The first week of this was actually kind of a debacle -- I ran into a lot of problems with JHBuild. I finally have a successful build of gnome-online-accounts and gnome-control-center, but I was surprised to learn that to run gnome-online-accounts I have to replace the process using $jhbuild /opt/gnome/libexec/goa-daemon --replace and then use jhbuild run gnome-control-center to use the current version of the program. Consequently, I've been working with lots of windows open -- a terminal running gnome-online-accounts and control-center, a terminal cd'd into checkout/gnome/gnome-documents that I use to make and run Documents so I can test my code, and then terminals and emacs windows containing the code I'm working on so I can type, save, and git commit. Today I was having trouble with my miners, so I ended up running those with ZPJ_MINER_PERSIST=1 /opt/gnome/libexec/gd-tracker-zpj-miner and GDATA_MINER_PERSIST=1 /opt/gnome/libexec/gd-tracker-gdata-miner. It's a bit of a coding menagerie around here :)

So at this point  I am done with my first version of the gtk code for the dialog. During my meeting with Cosimo today we came up with a tentative plan for showing the native sharing dialog for Google Drive. There is no publicly accessible link for showing the sharing dialog associated with a particular document, so I asked posted a question on Stack Overflow
asking for advice. Claudio Cherubino, one of the developers at Google, answered right away (awesome!) and directed me to the new Drive API, which includes a launcher and sharing dialog for apps. It might be tricky to use this, but I think the benefits will outweigh the difficulty. 

The last thing I've been working on is helping to plan an OpenHatch Python Workshop here in Chicago. Sheila Miguez (a local programmer and FOSS activist) and Aisha Halim (who organized Flourish! this year) asked me to join them in planning the event, which will be here in Chicago August 17 - 18 at Orbitz. If you want to help out, sign up for the mailing list :) I'll post more details when we have them. Hope to see you there!

Monday, June 25, 2012

GSoC Report #3: Documents Properties Dialog
I finished my first GSoC task, the new Properties Dialog for Documents. This is a first iteration based on a design by Jon McCann for the Nautilus properties menu. You may notice that I have not included some of the features of the design, such as the top bar :) Because these features are going to be implemented in Mutter in the future, I did not write code to mimic them with the current GTK.

The dialog displays Title, Author, Location, Source, Date Modified, Date Created, and Source. The Title metadata is editable for local documents, but not for remote documents. Likewise, Source displays a directory address for local documents, and otherwise displays the name of the remote location.

Currently, the edited title is written back to the database as the user types.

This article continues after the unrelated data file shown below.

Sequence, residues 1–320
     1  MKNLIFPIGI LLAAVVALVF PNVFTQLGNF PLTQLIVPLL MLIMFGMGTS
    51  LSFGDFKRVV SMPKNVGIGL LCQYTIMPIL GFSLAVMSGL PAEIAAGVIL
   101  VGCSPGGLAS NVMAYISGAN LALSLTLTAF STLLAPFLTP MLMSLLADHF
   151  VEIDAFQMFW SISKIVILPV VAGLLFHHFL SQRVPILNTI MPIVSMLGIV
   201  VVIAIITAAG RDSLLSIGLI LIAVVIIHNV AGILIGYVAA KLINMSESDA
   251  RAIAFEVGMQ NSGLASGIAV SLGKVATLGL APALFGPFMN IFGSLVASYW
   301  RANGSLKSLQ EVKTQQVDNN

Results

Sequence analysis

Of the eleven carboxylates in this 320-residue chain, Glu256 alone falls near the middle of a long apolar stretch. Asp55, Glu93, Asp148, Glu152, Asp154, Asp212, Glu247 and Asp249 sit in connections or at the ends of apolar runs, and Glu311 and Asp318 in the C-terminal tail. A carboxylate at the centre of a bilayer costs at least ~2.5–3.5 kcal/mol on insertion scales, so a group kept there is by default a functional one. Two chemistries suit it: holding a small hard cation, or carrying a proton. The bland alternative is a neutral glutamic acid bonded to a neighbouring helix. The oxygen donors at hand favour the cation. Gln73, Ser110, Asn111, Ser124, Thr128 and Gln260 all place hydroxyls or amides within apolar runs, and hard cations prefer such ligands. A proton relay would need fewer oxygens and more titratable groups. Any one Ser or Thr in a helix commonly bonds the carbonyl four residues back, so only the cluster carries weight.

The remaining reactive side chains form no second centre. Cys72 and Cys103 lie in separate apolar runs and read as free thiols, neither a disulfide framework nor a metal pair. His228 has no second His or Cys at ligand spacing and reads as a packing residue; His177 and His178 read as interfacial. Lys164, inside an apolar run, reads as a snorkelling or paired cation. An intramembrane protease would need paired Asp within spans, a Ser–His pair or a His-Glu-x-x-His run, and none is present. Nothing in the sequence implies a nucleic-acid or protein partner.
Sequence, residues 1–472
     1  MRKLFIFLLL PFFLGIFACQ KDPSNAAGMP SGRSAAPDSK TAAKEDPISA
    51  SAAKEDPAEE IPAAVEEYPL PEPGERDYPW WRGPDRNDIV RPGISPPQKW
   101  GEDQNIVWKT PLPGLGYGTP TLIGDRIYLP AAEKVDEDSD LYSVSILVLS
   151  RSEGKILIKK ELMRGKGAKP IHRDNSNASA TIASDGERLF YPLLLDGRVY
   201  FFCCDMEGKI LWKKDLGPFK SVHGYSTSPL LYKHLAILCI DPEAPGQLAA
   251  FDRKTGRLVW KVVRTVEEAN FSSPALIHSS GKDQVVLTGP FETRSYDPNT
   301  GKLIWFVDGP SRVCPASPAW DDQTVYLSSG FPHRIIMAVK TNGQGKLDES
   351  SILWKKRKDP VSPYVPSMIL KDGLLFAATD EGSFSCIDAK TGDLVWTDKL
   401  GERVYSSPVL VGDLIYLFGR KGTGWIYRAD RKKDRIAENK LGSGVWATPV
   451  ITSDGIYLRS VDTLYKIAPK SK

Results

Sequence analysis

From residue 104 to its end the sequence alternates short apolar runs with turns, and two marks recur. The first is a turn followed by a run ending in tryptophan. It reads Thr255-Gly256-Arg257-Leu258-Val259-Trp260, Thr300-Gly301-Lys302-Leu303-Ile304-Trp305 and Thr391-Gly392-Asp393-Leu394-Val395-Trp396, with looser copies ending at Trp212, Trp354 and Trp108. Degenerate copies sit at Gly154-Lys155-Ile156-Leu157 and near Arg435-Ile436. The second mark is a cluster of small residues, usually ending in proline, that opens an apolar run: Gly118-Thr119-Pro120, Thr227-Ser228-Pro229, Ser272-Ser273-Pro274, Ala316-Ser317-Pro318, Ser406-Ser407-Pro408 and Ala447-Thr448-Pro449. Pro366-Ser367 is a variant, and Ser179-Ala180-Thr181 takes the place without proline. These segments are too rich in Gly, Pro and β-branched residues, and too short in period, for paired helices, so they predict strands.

This coming week I plan to clean up the code a bit and start on my second task, which is writing a dialog which allows users to share documents via Google Docs, email clients, and (hopefully) SkyDrive.

I am hoping to complete the Sharing dialog before GUADEC so I can get feedback and spend the last month of my GSoC refining the implementation.

Tuesday, June 12, 2012

Thanks to the Foundation for Sponsoring Me...

I will be in A Coruna for the UX Hackfest and GUADEC. Hope to see everyone there :)

Saturday, June 9, 2012

GSoC Report #2

I spent the last week writing my first prototype for the properties dialog for  Documents. I decided to write the code in three steps: (1) to write the code to query Tracker for the metadata and display such information to the user; (2) to write the dialog code in gtk so that it followed the Design Team's proposed pattern for properties dialogs; and (3) to write the code which will allow in place editing of the metadata by writing new data back to Tracker (insert text by simply typing it...).

My learning curve has been somewhat steep. Last weekend I sent my mentor, Cosimo Cecchi, an email asking if I should be using an IDE (it seemed unlikely that there was an IDE that I could use for SPARQL, GJS, and GTK, but I thought that I might be using the terminal and Gedit out of ignorance)...Cosimo recommended Emacs. So there you have it; apparently what I was doing was basically logical...only now I am learning to use Emacs :/ Sometimes I am tempted to just try to insert break points somewhere, anywhere, out of sheer desperation :)

I really like programming using the terminal and JHBuild (though I find JHBuild to be really cryptic and frustrating at times). Stripping away the layers that an IDE adds makes the debugging process a bit harder but very interesting: today I got an error while trying to update my build, and Cosimo suggested that I look at a pkgconfig file ( /opt/gnome/lib/pkgconfig/gobject-introspection-1.0.pc) to find out what version of the module I had. During the past few months I have read a lot of JHBuild errors telling me to adjust my pkgconfig path environmental variable, so I was pleased to finally discover what role pkgconfig actually plays in my system and how I can hack it :) haha.

Climbing the steep part of the learning curve is frustrating at times and slower than I would like! I have completed step one of my dialog and I am in the process of testing it so that it works with new code that has been added to Documents in the past few weeks. Next week I will finish testing and work on style, and the third week I will complete my last step.

Saturday, May 26, 2012

Documents GSoC Week One